But IMO, that's a pretty decent measure to use as a first approximation. So WAR contains a way to compare different positions.

The ones that are tougher are catcher and DH. DH contains a lot of guys coming off injuries and other issues, so on average they are worse than 1B, but it's hard to justify essentially giving a guy fielding credit for DH -- so some kind of extra cut has to be made. B-R has made their decision about how big it should be, but some think it should be bigger.

Catcher, as you note, is hard in the other direction, as the demands on the position make it very difficult to play a full slate of games in the C, and can affect your ability to hit and run. Most people here think catchers do not need the same level of WAR to make the hall as for other positions for these reasons.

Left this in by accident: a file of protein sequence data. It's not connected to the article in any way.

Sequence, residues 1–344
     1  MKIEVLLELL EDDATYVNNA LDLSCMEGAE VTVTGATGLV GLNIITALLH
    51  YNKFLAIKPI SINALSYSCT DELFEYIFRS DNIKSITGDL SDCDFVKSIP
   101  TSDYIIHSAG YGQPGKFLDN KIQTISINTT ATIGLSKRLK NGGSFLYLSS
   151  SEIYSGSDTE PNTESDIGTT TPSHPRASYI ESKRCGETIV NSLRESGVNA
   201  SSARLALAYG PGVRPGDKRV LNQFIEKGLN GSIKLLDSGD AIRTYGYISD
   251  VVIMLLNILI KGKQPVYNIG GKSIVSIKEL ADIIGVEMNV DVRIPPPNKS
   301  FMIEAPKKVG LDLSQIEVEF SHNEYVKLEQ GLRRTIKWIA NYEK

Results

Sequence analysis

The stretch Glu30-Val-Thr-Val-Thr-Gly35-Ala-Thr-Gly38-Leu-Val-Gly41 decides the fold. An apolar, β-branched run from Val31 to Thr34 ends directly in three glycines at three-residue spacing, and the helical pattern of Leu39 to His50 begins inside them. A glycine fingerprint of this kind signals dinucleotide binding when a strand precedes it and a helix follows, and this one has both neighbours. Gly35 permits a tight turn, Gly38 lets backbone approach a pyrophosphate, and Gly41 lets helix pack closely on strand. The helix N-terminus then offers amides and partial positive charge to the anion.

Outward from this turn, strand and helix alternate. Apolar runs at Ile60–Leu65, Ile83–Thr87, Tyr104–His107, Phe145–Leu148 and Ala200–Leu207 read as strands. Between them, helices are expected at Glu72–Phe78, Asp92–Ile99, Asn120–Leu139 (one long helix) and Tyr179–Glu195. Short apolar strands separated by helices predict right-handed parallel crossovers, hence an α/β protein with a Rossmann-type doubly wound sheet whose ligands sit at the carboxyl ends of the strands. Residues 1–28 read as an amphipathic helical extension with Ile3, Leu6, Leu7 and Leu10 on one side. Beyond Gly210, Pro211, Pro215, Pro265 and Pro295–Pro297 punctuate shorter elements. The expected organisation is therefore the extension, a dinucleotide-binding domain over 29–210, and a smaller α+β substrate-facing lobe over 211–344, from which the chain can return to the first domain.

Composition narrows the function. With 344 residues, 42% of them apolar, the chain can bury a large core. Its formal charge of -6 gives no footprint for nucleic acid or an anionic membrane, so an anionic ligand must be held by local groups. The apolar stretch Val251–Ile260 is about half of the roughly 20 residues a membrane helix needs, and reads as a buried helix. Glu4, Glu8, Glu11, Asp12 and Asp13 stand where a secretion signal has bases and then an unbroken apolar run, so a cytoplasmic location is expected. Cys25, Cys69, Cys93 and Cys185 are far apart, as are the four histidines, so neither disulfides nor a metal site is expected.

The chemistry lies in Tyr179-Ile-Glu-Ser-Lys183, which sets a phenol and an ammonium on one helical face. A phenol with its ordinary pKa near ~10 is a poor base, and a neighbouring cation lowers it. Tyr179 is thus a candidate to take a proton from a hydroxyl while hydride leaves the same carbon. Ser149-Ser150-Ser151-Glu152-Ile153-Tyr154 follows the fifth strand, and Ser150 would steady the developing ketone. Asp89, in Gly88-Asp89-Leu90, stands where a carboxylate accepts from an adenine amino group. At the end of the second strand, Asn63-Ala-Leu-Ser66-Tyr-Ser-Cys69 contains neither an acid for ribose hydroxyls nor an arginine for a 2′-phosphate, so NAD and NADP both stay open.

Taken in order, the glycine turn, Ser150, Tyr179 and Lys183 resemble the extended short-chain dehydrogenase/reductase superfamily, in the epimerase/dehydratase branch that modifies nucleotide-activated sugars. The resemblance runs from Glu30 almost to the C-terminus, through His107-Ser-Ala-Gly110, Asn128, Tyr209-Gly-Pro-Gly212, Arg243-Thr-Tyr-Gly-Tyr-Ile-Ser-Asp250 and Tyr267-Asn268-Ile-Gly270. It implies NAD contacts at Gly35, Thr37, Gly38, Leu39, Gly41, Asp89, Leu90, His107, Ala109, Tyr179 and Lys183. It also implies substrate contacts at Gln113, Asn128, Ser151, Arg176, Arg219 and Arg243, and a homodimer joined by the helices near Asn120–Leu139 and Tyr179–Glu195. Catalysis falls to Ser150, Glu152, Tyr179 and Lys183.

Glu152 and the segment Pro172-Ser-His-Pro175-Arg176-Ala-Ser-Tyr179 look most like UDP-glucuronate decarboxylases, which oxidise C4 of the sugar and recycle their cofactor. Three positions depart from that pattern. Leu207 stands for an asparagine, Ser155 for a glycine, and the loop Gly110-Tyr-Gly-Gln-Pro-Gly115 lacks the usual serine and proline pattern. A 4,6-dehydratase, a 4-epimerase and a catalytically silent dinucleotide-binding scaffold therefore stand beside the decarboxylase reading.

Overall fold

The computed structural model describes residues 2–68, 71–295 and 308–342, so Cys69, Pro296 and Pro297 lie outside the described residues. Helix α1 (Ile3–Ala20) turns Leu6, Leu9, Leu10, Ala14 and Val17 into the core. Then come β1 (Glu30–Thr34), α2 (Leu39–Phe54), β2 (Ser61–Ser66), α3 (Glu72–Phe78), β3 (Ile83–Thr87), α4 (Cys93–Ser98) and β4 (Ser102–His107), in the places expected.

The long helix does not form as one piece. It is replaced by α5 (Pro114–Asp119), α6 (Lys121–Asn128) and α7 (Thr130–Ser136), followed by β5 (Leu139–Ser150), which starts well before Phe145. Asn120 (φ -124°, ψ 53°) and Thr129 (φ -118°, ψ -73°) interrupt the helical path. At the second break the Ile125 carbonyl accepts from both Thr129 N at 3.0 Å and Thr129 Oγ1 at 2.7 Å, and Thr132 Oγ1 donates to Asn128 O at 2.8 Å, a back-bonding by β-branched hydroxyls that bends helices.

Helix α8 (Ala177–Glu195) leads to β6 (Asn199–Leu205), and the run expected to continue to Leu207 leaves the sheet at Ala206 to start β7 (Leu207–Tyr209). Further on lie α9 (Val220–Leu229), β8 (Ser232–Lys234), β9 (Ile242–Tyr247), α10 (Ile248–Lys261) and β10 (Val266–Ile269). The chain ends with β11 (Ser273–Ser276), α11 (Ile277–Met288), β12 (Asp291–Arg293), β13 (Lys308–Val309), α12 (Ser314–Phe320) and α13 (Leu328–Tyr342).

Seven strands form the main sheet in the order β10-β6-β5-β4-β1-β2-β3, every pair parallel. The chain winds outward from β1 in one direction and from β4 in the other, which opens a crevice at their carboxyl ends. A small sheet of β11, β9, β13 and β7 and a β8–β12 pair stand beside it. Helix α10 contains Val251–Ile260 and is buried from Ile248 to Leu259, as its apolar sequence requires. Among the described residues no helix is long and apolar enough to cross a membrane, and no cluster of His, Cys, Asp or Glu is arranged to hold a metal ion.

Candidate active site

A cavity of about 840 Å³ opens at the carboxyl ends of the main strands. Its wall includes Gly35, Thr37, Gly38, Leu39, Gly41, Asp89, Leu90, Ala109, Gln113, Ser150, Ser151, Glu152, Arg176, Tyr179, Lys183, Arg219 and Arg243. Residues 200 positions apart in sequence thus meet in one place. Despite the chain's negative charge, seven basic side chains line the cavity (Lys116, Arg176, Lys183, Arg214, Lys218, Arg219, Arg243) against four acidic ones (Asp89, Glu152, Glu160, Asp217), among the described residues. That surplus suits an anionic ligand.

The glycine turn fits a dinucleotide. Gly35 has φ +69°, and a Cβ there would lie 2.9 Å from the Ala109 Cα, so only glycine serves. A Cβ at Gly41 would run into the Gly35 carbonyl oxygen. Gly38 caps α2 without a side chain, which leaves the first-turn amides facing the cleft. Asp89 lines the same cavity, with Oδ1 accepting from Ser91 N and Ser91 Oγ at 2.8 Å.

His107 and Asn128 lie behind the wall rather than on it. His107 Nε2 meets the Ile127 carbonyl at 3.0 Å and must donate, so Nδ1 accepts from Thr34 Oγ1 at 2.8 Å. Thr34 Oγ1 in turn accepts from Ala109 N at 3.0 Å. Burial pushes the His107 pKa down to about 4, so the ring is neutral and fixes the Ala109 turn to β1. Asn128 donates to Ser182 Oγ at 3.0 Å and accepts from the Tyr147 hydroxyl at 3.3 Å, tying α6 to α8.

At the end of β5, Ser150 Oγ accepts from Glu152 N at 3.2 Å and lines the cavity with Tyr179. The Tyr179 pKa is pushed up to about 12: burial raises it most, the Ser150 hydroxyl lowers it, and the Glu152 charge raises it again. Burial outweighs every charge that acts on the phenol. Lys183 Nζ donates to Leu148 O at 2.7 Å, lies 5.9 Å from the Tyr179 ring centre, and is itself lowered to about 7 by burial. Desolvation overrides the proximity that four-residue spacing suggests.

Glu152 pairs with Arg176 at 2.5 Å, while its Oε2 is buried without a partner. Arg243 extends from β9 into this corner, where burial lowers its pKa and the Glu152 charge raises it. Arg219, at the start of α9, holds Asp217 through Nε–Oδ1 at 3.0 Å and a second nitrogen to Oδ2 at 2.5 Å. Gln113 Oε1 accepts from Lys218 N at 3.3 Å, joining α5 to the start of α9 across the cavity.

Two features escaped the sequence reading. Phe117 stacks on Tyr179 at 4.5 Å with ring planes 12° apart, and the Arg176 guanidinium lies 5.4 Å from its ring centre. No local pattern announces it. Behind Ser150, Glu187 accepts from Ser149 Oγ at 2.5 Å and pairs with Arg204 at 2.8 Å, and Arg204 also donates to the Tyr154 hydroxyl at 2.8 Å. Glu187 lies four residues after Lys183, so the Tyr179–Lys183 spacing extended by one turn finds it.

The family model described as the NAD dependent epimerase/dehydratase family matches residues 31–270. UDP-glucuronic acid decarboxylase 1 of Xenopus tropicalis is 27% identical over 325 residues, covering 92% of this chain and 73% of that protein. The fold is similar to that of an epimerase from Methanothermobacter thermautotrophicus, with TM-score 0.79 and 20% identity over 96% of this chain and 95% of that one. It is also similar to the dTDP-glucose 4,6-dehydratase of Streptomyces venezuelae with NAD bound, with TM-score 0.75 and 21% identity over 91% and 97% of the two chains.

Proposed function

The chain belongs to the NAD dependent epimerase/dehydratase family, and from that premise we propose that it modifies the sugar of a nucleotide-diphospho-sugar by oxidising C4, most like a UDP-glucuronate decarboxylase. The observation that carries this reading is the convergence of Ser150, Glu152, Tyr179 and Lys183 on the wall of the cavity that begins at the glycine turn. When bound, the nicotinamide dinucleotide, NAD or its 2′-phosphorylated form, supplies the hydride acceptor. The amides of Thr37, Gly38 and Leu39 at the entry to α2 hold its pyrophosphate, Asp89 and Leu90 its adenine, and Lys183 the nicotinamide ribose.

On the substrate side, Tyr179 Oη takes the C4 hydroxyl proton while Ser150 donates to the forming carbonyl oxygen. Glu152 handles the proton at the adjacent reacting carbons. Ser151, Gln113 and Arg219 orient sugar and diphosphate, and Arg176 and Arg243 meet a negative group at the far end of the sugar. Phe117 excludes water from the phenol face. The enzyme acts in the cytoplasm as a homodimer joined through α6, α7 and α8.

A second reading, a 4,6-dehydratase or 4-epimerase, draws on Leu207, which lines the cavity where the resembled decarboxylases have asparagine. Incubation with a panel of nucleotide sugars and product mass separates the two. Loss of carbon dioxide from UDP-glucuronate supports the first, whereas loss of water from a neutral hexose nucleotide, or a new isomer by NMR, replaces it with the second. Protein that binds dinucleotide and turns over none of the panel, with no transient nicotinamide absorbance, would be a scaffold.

By: Johnny Twisto Mon, 08 Nov 2010 22:05:49 +0000 Joseph, it's not so much that playing middle infield causes one to hit worse (though it's possible it could, because of all the diving, taking slides at second base, etc), but there is a smaller population of players who are able to play the position. Almost any major leaguer could play first base with a degree of competence. A much smaller subset could play shortstop. An amount of fielding aptitude is assumed just by one playing the position, but there is no statistic to measure this besides games or innings played (WAR attempts to measure this with its positional adjustments).